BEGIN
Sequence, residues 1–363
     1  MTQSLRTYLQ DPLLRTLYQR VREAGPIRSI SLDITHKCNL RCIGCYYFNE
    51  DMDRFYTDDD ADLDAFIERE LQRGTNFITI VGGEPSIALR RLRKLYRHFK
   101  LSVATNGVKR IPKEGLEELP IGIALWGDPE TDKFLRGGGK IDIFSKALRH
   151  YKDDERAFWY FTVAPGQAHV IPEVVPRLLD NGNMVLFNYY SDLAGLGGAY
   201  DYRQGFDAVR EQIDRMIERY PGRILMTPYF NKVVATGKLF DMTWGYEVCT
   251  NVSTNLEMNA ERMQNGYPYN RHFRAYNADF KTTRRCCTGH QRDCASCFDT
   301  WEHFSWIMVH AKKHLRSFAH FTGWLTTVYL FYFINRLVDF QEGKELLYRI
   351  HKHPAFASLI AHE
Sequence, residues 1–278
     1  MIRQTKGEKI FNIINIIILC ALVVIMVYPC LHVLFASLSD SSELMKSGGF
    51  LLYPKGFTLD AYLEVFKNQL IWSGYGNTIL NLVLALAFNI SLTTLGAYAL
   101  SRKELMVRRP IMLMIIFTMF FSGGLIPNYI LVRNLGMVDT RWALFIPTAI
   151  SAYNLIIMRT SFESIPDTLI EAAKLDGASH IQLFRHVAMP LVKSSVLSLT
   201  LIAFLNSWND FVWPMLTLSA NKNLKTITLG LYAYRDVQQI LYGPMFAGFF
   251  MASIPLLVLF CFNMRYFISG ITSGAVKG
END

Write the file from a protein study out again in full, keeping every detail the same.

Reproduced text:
Sequence, residues 1–363
     1  MTQSLRTYLQ DPLLRTLYQR VREAGPIRSI SLDITHKCNL RCIGCYYFNE
    51  DMDRFYTDDD ADLDAFIERE LQRGTNFITI VGGEPSIALR RLRKLYRHFK
   101  LSVATNGVKR IPKEGLEELP IGIALWGDPE TDKFLRGGGK IDIFSKALRH
   151  YKDDERAFWY FTVAPGQAHV IPEVVPRLLD NGNMVLFNYY SDLAGLGGAY
   201  DYRQGFDAVR EQIDRMIERY PGRILMTPYF NKVVATGKLF DMTWGYEVCT
   251  NVSTNLEMNA ERMQNGYPYN RHFRAYNADF KTTRRCCTGH QRDCASCFDT
   301  WEHFSWIMVH AKKHLRSFAH FTGWLTTVYL FYFINRLVDF QEGKELLYRI
   351  HKHPAFASLI AHE
Sequence, residues 1–278
     1  MIRQTKGEKI FNIINIIILC ALVVIMVYPC LHVLFASLSD SSELMKSGGF
    51  LLYPKGFTLD AYLEVFKNQL IWSGYGNTIL NLVLALAFNI SLTTLGAYAL
   101  SRKELMVRRP IMLMIIFTMF FSGGLIPNYI LVRNLGMVDT RWALFIPTAI
   151  SAYNLIIMRT SFESIPDTLI EAAKLDGASH IQLFRHVAMP LVKSSVLSLT
   201  LIAFLNSWND FVWPMLTLSA NKNLKTITLG LYAYRDVQQI LYGPMFAGFF
   251  MASIPLLVLF CFNMRYFISG ITSGAVKG